Geovation and the UK Hydrographic Office have launched a challenge to establish a sustainable method to overcome diffuse coastal pollution.
The Ordnance Survey’s open innovation network hub, alongside the UK Hyprographic Office (UKHO), has officially unveiled a challenge in hopes of discovering a sustainable solution to tackle diffuse coastal pollution.
The winners of the challenge could receive an award of up to £5,000.
With its mainland and islands combined, Great Britain has a staggering coastline of nearly 20,000 miles. As well as this, the majority of the population lives within 100 miles of the coastline. This means that diffuse coastal pollution will most probably impact all of the UK’s population to some extent.
Sources of diffuse coastal pollution
A number of factors pose a risk to British coastlines, from extreme storms and coastal erosion to sea level rises and a variety of diffuse pollution sources. Diffuse pollution can impact water quality and pollute coastal areas, thus triggering negative effects on the adjacent ecosystems.
These sources of diffuse pollution are generally small and isolated , but together they reap massively detrimental impacts on the climate as a result of the release of potential pollutants. Diffuse coastal pollution – frequently fuelled by rainfall and the ways that land is managed – can take place as a direct consequence of agricultural, urban and marine pollution sources.
Diffuse coastal pollution can be instigated by agricultural run-off when pesticides and chemicals migrate from farming land into water sources such as rivers and streams. It can also occur in urban areas as a consequence of inadequately plumbed drainage systems, untreated wastewater, septic tanks, and flooding from sewers. All of these can accrue on the coastline and in estuaries that impact the wildlife as well as residents local to those areas.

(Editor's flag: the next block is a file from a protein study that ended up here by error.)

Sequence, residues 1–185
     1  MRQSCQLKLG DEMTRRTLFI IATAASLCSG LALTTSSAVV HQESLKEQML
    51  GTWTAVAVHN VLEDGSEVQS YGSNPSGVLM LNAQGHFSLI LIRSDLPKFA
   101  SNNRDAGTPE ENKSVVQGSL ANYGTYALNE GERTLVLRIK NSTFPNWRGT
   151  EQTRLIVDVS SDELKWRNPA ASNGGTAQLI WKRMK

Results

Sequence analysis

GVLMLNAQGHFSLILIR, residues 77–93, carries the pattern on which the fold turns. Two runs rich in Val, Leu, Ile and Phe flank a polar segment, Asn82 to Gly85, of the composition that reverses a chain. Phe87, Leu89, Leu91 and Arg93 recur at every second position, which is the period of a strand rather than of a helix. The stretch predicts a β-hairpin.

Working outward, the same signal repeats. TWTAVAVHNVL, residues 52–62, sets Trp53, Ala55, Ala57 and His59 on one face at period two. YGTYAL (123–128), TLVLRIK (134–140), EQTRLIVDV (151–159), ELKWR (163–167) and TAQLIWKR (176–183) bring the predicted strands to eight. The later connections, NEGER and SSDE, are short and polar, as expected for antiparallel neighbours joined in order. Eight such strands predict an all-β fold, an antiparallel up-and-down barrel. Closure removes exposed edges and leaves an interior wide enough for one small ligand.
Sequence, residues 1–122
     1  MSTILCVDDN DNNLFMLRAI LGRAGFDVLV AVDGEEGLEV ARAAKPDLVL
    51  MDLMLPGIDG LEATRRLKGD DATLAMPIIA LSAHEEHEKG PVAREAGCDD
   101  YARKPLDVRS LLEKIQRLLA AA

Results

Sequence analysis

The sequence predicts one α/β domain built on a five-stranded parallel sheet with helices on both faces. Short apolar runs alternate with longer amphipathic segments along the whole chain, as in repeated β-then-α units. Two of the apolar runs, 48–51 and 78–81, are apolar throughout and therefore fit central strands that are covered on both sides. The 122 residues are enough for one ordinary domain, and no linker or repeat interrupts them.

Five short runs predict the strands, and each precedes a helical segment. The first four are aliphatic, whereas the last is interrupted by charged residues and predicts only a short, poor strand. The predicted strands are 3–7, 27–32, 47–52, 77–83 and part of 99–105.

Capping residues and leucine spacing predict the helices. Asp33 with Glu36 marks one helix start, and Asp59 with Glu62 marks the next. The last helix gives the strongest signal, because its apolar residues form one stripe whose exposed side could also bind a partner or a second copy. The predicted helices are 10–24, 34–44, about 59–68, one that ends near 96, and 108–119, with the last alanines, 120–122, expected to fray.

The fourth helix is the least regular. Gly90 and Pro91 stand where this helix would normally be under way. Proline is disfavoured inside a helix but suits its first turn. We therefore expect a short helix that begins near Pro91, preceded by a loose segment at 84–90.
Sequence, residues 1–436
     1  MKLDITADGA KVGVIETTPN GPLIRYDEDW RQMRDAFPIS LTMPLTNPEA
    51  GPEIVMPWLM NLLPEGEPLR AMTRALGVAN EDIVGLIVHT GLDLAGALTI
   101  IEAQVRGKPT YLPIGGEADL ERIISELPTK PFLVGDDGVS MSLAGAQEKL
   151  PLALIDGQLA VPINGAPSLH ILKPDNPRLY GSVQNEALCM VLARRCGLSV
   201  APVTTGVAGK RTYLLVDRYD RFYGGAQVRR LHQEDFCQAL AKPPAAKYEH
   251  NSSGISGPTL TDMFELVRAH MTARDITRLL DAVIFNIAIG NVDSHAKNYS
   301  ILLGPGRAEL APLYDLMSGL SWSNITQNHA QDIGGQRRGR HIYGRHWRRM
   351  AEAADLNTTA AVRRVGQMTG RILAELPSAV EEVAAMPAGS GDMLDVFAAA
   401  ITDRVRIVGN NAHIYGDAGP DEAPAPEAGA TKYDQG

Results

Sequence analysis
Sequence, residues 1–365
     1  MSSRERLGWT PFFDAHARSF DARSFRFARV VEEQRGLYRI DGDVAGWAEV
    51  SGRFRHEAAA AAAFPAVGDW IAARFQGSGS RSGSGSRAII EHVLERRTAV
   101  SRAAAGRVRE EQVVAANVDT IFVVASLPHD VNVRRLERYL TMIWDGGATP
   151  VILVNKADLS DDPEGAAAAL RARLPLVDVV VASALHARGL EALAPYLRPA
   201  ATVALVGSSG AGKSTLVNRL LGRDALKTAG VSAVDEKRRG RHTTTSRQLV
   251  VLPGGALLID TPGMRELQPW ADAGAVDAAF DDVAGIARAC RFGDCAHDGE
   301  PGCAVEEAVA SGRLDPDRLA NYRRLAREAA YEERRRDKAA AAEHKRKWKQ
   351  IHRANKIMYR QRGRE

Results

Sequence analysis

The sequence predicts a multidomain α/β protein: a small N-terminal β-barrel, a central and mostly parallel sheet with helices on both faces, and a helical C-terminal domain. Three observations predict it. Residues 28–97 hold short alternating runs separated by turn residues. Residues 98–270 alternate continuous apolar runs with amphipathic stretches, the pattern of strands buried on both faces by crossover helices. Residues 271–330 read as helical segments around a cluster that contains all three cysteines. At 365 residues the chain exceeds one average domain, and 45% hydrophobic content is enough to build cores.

The novel challenge has been set up to address the vital issue of diffuse pollution on British coastlines and search for sustainable resolutions to improve water quality, efficiencies, profitability, and sustainability from agriculture to the water and sewage infrastructure, on top of enhancing beach cleanliness and wildlife conservation.
For this challenge, viable applicants will be given access to data from the Ordnance Survey, such as terrain, buildings, water networks, and the OS Data Hub, which has the most thorough view of Great Britain’s landscape. This will be accompanied by data from the UK Hydrographic Office, the Met Office and the British Geological Survey.
Finding long-term solutions
Carly Morris, Head of Geovation, commented: “The coastal challenge is a great way to inspire and drive collaboration using geospatial, maritime and meteorological data so that innovators, with the support from our Geovation community, can devise sustainable solutions in order to tackle critical environmental issues.
“The environmental impact of diffuse pollution is ever more apparent in the UK and we hope that through the challenge we can get closer to finding sustainable solutions that can deliver change and make a positive impact on the future of our coasts.”
Mark Casey, Head of Research, Design and Innovation at the UK Hydrographic Office, concluded: “We are proud to launch this challenge with our partners at Geovation. Diffuse coastal pollution is a hugely challenging issue for marine ecosystems, so it is vital that we find sustainable and long-term solutions. Collaboration and partnerships are some of the best ways to generate real change and to find inventive and novel solutions to challenges in the marine environment, and that is why we are pleased to support participants with our world-leading marine data sets and expertise.”
Applications to the challenge are open now and can be found on Geovation’s website.